STOCKHOLM (Reuters) - The head of the Swedish Academy stepped down on Thursday after criticism of how the institution, which picks the winner of the Nobel Prize for Literature, handled a probe into allegations of sexual misconduct by a man married to one of its members.
Shortly afterwards, the Academy announced that the man’s wife had decided to quit her post on the board.
Three members of the Academy withdrew last week over the issue, but arcane rules that make appointments for life mean that members cannot technically resign, though they stop participating in activities.
“It was the wish of the Academy that I should leave my role as Permanent Secretary,” Sara Danius, who has held the post since 2015, told reporters.
“I have made this decision with immediate effect.”
The public row and defections from the Academy have raised concerns that the image of the Nobel Prizes and Sweden’s reputation abroad could suffer.
“It has already affected the Nobel Prize quite severely and that is quite a big problem,” Danius said.
The allegations of sexual assault and harassment were made against Jean-Claude Arnault, the husband of Academy member Katarina Frostenson who also stepped down on Thursday.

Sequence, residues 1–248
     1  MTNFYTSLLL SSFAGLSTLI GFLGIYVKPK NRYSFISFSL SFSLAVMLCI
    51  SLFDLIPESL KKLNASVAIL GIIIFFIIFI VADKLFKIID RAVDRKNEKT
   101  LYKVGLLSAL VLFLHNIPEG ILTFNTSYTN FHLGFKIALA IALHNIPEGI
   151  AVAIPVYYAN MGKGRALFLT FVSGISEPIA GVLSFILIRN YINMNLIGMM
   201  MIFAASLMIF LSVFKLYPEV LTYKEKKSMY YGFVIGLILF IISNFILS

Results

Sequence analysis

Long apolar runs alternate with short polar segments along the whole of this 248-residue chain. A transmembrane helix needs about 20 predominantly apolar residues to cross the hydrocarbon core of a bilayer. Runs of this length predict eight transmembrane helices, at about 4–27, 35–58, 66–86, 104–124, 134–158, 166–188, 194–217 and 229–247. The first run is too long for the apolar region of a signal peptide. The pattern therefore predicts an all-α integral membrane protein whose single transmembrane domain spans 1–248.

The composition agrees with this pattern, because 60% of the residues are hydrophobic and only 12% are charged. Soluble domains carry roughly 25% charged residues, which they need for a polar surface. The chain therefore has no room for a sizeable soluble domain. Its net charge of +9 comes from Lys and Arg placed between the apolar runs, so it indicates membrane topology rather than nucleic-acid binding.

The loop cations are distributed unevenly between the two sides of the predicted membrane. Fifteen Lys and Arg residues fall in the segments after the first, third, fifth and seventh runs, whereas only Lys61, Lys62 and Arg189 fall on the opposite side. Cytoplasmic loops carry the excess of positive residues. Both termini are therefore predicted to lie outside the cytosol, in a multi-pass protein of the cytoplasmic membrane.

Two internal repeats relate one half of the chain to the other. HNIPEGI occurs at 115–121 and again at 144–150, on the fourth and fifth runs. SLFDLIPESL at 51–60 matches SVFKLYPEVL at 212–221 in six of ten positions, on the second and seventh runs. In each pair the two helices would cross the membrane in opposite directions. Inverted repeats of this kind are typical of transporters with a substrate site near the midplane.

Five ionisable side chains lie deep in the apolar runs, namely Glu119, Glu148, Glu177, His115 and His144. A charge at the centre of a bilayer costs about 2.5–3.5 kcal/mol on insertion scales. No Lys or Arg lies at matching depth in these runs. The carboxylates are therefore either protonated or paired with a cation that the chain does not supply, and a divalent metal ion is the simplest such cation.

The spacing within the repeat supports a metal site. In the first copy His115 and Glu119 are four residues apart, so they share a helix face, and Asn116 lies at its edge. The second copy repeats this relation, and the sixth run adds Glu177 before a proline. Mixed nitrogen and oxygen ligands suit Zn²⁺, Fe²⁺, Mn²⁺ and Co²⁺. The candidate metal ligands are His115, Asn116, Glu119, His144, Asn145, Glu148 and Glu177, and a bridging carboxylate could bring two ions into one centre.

In an emailed comment to Reuters, Arnault’s lawyer, Bjorn Hurtig, said his client rejected all allegations against him.
“Jean-Claude Arnault rejects all claims of criminal activity and he rejects other allegations that have been made against him,” Hurtig said.
State prosecutors opened a preliminary investigation into the incidents, but said last month some parts of the probe had been shelved due to a lack of evidence and the statute of limitations having passed for some of the incidents.
However, prosecutors said the investigation related to some incidents was continuing.
The Swedish Academy said in a statement that Frostenson had decided to leave her post “in the hope that the Swedish Academy will survive as an institution.”
The Academy severed ties with Arnault, whom it had helped financially in running a cultural club in Stockholm, in November following the allegations made against him.
Reporting by Simon Johnson and Johannes Hellstrom; Editing by Richard Balmforth
Our Standards: The Thomson Reuters Trust Principles.